We've already covered lists a little, and we've been making good use of them. We know how to create lists using the literal syntax, add to them using the append method, and get at and modify their contents using the square brackets indexing. Now we'll take a deeper look. One very convenient feature of lists and other Python sequences, for this applies to tuples and strings as well, is the ability to index from the end rather than from the beginning. This is achieved by supplying negative indices. For example, we can access the last and second‑to‑last elements of the list using ‑1 and ‑2. This is much more elegant than the clunky approach of subtracting 1 from the length of a container, the approach you would otherwise need to use for retrieving the last element. Note that indexing with ‑0 is the same as indexing with 0, returning the first element in the list. Because there's no distinction between 0 and ‑0, negative indexing is essentially 1‑based rather than 0‑based. This is good to keep in mind if you're calculating indices with even moderately complex logic. One‑off errors can creep into negative indexing fairly easily. Slicing is a form of extended indexing, which allows us to refer to portions of a list. To use it, we pass the start and stop indices of a half open range, separated by a colon, as the square brackets index argument. Here's how you can slice the first and second elements of a list. See how the second index, 3 in this case, is 1 beyond the end of the returned range. This facility can be combined with negative indices. For example, to take all elements except the first and last, use the slice 1:‑1. Both the start and stop indices are optional. To slice all elements from the third to the end of the list, don't put anything after the colon. Similarly, to slice all elements from the beginning up to, but not including the third, don't put a number before the colon. Notice that these two lists together form the whole list, demonstrating the convenience of the half open range convention. Since both start and stop slice indices are optional, it's entirely possible to omit both and retrieve all of the elements. And indeed, this last example is an important idiom for copying a list. Recall that assigning references never copies an object, but merely copies a reference to an object. We deploy the full slice to perform a copy into a new list. This gives us a new object with a distinct identity, but since it's a copy, the new object has an equivalent value. It's important to understand that although we have a new list object, which can be independently modified, the elements within it are references to the same objects referred to by the original list. In the event that these objects are both mutable and modified, as opposed to replaced, the change will be seen in both lists. We teach this full slice copying idiom because you're likely to see it in the wild, and it's not immediately obvious what it does. You should be aware that there are other, more readable ways of copying a list, such as the copy method, or you could simply call the list constructor passing the list to be copied. Largely it's a matter of taste. Our preference is for the third form, since it has the advantage of working with any iterable series as the source, not just lists. You must be aware, however, that all these techniques perform a shallow copy. That is, they create a new list containing the same object references as the source list, but they don't copy the referred‑to objects. To demonstrate this, we'll use nested lists with the inner lists serving as mutable objects. Here's a list containing two elements, each of which is itself a list. We copy this list using a full slice and convince ourselves that we do, in fact, have distinct lists with equivalent values. Notice, however, that the references within these distinct lists refer not only to equivalent objects, but, in fact, to the same object, which we can see using the is operator. The first elements of a and b are the same object until we rebind the first element of a to a newly constructed list. Now the first elements of a and b refer to different lists with different values. The second elements of both a and b still refer to the same object. We'll demonstrate this by mutating that object through the a list. We can see this change reflected through the b list. For completeness, here is the final state of both the a and b lists. If you need to perform true deep copies of hierarchical data structures like this, which in our experience is a rarity, we recommend taking a look at the copy module in the Python standard library. As with strings and tuples, lists support repetition using the multiplication operator. It's simple enough to use, although it's rarely spotted in the wild in this form. It's most often useful for initializing a list of a size known in advance, with a constant value, such a 0. Be aware, though, that when using mutable objects as elements, the same trap for the unwary lurks here, since repetition will repeat the reference without copying the value. Let's demonstrate using nested lists as our mutable elements again. If we now modify the third element of our outer list, we can see the change through all five references, which comprise the outer list elements. This is because each element of the outer list is a reference to the same nested list. To find the element in the list, use the index method, passing the object you're searching for. The elements are compared for equivalents until the one you're looking for is found. Here we create a string and split it on spaces, giving us a list of strings. We then use the index method on that list to find the index of the word fox. If you search for a value that isn't present, you receive a value error. Another means of searching is to count matching elements. Here we count how many times the word 'the' appears in our list. If you just want to test for membership, you can use the in operator, or you could test for non‑membership with not in. You can remove elements from a list using a keyword with which we have not yet become acquainted, del. The del keyword takes a single parameter, which is a reference to the list element, and removes it from the list, shortening the list in the process. Here we again construct a list by splitting a string. We then remove the fourth element by calling del U . We can see that the element has been removed. It's also possible to remove elements by value rather than by position by using the remove method. This is, of course, equivalent to passing the result of the index method to del. This also raises a value error if a matching element is not present. Items can be inserted into lists using the insert method, which accepts the index of the new item and the new item itself. We'll again start with a list of strings. We'll then insert the string 'destroyed' at index 2. If we join the list into a single string, we see that someone has made a terrible mistake. Concatenating lists using the addition operator results in a new list without modification of the operands, whereas the augmented assignment operator, +=, modifies the assignee in place. This can also be achieved using the extend method. All of these techniques work with any iterable series on the right‑hand side. Before we move on from lists, let's look at two operations which rearranged the elements in place, reversing and sorting. A list can be reversed in place simply by calling its reverse method. A list can be sorted in place using the sort method. The sort method accepts two optional arguments, key and reverse. The latter is self‑explanatory, and when set to true gives it ascending sort. The key parameter is more interesting. It accepts any callable object, which is then used to extract a key from each item. The items will then be sorted according to the relative ordering of these keys. There are several types of callable objects in Python, although the only one we have encountered so far is the humble function. For example, the len function is a callable object, which is used to determine the length of a collection, such as a string. Consider the following list of words. We can sort this list by the length of the strings by passing len as the key argument to sort. Sometimes an in situ sort or reversal is not what's required. For example, it may cause a function argument to be modified, giving the function confusing side effects which we'd not otherwise have. For out‑of‑place equivalents of the reverse and sort list methods, we can use the reversed and sorted built‑in functions. These return a reversed iterator and a newly sorted list, respectively. For example, calling sorted on the list 4, 9, 2, 1 results in an entirely new list with the correctly sorted elements. Calling reversed on a list doesn't give us a new list. Rather, it gives us an object of the type list_reverseiterator. We can pass this iterator to the list constructor to create an actual list. These functions have the advantage that they'll work on any finite, iterable source object.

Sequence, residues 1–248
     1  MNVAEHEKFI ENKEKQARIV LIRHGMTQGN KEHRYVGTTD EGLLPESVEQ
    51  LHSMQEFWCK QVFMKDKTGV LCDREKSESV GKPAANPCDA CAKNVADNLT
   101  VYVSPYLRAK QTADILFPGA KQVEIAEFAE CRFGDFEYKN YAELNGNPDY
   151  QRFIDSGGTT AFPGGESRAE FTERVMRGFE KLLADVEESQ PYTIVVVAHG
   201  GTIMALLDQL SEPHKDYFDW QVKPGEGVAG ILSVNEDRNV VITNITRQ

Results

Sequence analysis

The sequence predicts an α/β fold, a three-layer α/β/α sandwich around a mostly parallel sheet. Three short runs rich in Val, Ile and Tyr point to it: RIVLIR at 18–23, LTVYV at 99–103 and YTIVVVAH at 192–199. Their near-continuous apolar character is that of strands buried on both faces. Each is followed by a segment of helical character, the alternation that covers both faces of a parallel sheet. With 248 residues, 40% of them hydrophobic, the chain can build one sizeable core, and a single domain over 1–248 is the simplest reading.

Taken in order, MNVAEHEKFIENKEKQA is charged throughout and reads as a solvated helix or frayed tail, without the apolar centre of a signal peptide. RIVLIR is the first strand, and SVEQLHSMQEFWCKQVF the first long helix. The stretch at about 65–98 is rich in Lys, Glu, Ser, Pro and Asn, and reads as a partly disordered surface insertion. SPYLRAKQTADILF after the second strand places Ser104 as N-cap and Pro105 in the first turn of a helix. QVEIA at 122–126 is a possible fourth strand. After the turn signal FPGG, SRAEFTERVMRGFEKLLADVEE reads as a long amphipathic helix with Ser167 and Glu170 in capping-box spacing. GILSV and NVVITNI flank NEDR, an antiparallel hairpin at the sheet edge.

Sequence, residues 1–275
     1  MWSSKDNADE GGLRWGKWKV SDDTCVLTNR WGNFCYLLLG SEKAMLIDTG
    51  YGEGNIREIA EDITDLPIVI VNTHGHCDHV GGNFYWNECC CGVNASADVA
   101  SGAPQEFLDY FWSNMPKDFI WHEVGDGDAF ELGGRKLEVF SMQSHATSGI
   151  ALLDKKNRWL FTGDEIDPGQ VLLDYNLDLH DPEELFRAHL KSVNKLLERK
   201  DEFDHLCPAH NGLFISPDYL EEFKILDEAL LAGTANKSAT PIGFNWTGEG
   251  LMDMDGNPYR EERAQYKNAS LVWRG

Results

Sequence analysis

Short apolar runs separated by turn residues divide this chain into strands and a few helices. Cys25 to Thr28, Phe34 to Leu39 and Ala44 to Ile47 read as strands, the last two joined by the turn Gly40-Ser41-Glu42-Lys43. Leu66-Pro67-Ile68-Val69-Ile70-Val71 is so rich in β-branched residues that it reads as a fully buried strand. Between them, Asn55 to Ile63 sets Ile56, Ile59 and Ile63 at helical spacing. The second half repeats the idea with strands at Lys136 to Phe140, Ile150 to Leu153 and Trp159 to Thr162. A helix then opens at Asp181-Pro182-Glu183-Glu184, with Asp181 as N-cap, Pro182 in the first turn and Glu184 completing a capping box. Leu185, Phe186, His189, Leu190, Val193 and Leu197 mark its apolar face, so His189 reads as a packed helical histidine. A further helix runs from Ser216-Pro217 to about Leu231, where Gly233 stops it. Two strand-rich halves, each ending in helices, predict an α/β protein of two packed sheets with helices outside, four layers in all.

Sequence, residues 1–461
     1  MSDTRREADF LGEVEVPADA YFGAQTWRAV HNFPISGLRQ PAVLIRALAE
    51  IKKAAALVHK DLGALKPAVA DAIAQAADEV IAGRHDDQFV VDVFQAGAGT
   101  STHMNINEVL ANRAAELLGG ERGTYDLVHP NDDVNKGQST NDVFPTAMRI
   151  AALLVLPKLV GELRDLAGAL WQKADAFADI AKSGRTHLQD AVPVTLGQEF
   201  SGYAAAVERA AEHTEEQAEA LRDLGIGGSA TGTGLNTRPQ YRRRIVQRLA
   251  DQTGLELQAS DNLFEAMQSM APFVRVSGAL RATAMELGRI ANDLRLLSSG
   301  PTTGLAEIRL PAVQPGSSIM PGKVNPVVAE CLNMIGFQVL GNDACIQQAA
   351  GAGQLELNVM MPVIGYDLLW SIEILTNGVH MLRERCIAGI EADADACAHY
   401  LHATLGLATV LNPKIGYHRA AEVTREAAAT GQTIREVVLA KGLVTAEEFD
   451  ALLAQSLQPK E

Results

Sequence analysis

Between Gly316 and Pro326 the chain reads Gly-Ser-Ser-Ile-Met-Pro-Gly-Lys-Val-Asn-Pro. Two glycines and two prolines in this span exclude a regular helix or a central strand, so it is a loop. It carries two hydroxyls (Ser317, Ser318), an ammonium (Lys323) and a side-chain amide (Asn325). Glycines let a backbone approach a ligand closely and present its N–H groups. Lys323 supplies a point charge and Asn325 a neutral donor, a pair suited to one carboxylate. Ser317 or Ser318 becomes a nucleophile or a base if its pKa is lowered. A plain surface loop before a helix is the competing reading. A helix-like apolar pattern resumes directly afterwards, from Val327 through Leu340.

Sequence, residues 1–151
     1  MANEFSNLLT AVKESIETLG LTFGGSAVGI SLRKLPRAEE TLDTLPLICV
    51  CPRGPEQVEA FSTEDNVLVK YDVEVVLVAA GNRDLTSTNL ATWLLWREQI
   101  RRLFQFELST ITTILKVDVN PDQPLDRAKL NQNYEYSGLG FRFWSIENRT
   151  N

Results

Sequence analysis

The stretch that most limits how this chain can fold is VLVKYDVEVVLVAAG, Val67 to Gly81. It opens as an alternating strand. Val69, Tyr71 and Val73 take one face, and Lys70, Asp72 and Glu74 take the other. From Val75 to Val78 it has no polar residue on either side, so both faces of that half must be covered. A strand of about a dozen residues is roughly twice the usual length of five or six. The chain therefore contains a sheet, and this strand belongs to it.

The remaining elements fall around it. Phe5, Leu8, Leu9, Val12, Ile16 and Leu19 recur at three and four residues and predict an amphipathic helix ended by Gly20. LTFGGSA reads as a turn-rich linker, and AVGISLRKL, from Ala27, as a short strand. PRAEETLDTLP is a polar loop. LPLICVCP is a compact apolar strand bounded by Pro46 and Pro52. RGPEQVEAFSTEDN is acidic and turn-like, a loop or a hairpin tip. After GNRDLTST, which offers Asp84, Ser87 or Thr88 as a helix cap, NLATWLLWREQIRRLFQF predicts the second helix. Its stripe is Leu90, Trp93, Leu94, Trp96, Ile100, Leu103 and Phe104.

We'll now return to dictionaries, which lie at the heart of many Python programs, including the Python interpreter itself. We briefly looked at literal dictionaries previously, seeing how they were delimited with curly braces and contain comma‑separated key‑value pairs with each pair tied together by a colon. These values are accessible via the keys. Since each key is associated with exactly one value and lookup is through keys, the keys must be unique within any single dictionary. It's fine, however, to have duplicate values. Internally, the dictionary maintains pairs of references to the key objects and the value objects. The key objects must be immutable, so strings, numbers, and tuples are fine, but lists are not. The value objects can be mutable, and in practice often are. Our example URL map uses strings for both keys and values, which is fine. You should never rely on the order of the items in the dictionary. It's essentially random and may even vary between different runs of the same program. As for the other collections, there's also a dict constructor, which can convert other types to dictionaries. We can use the constructor to convert from an iterable series of key‑value pairs stored in tuples like this. Recall that the items in the dictionary are not stored in any particular order. So long as the keys are legitimate Python identifiers, it's even possible to create a dictionary directly from keyword arguments passed to the dict. As with lists, dictionary copying is shallow by default, copying only the references to the key and value objects, not the objects themselves. There are two means of copying a dictionary, of which we most commonly see the second. The first technique is to use the copy method. The second is simply to pass an existing dictionary to the dict constructor. If you need to extend the dictionary with definitions from another dictionary, you can use the update method. This is called on the dictionary to be updated and is passed the contents of the dictionary which is to be merged in. If we create a new dictionary and then update our original dictionary with the new one, we can see the elements of the new dictionary in the original. If the argument update includes keys which are already present in the target dictionary, the values associated with these keys are replaced in the target by the corresponding values from the source. If we start with the dictionary of stock prices, we can update one entry and add another with update. As we've seen in an earlier module, dictionaries are iterable so can be used with for loops. The dictionary yields the next key on each iteration, and we retrieve the corresponding value by lookup using the square brackets operator. If we start with the dictionary of color names to codes, we could iterate over the keys, looking up the codes with them. Notice that the keys are returned in an arbitrary order, which is neither the order in which they were specified nor any other meaningful order. If we want to iterate over only the values, we can use the values dictionary method. This returns an object which provides an iterable view onto the dictionary values without causing the values to be copied. There is no efficient or convenient way to retrieve the corresponding key from a value, so we only print the values. In the interest of symmetry, there is also a keys method. Often, though, we want to iterate over the keys and values in tandem. Each key‑value pair in a dictionary is called an item, and we can get hold of an iterable view of items using the items dictionary method. When iterated, the items view yields each key‑value pair as a tuple. By using tuple unpacking in the for statement, we can get both key and value in one operation without the extra lookup. The membership tests for dictionaries using the in and not in operators work on the keys. To see this, let's construct a dictionary mapping currency names to symbols. We can then use in to see if New Zealand dollars are in the dictionary. Likewise, we can use not in to see that Macedonian denars are not present. As with lists, we use the del keyword to remove an entry from a dictionary. If we create a dictionary of elements and their atomic numbers, we can remove Feynmanium by deleting the key Fy. The keys in a dictionary should be immutable, although the values can be modified. Here's a dictionary which maps the element symbol to a list of mass numbers for different isotopes of that element. See how we split the dictionary literal over multiple lines. That's allowed because the curly braces for the dictionary literal are open. Our string keys are immutable, which is a good thing for correct functioning of the dictionary. But there's no problem with modifying the dictionary values in the event, for example, that we discover some new isotopes. Here the augmented assignment operator is applied to the list object accessed through H, the key for hydrogen. The dictionary is not being modified. Of course, the dictionary itself is mutable, and we can add new items. With compound data structures such as our table of isotopes, it can be helpful to have them printed out in a much more readable form. We can do this with the Python standard library pretty‑printing module called pprint, which contains a function called pprint. Note that if we didn't bind the pprint function to the different name pp, the function reference would overwrite the module reference, preventing further access to contents of the module. Arguably, it's poor design to have a module containing functions of the same name because of this issue. Be that as it may, the pprint function gives us a much more comprehensible display. Let's move on from dictionaries and look at a new built‑in data structure, the set.